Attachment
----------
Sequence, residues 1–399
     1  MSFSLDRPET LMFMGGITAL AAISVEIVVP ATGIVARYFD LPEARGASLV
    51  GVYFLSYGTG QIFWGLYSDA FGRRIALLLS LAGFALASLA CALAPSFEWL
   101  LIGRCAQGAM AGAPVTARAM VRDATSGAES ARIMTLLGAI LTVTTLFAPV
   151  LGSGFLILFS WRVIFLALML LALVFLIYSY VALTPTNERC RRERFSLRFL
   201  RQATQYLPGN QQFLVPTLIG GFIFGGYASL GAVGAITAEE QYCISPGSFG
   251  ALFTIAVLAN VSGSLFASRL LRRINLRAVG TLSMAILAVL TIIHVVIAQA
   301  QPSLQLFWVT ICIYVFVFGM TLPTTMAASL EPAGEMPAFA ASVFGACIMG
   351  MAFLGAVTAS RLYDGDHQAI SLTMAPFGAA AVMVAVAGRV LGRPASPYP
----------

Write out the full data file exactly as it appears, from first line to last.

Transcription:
Sequence, residues 1–399
     1  MSFSLDRPET LMFMGGITAL AAISVEIVVP ATGIVARYFD LPEARGASLV
    51  GVYFLSYGTG QIFWGLYSDA FGRRIALLLS LAGFALASLA CALAPSFEWL
   101  LIGRCAQGAM AGAPVTARAM VRDATSGAES ARIMTLLGAI LTVTTLFAPV
   151  LGSGFLILFS WRVIFLALML LALVFLIYSY VALTPTNERC RRERFSLRFL
   201  RQATQYLPGN QQFLVPTLIG GFIFGGYASL GAVGAITAEE QYCISPGSFG
   251  ALFTIAVLAN VSGSLFASRL LRRINLRAVG TLSMAILAVL TIIHVVIAQA
   301  QPSLQLFWVT ICIYVFVFGM TLPTTMAASL EPAGEMPAFA ASVFGACIMG
   351  MAFLGAVTAS RLYDGDHQAI SLTMAPFGAA AVMVAVAGRV LGRPASPYP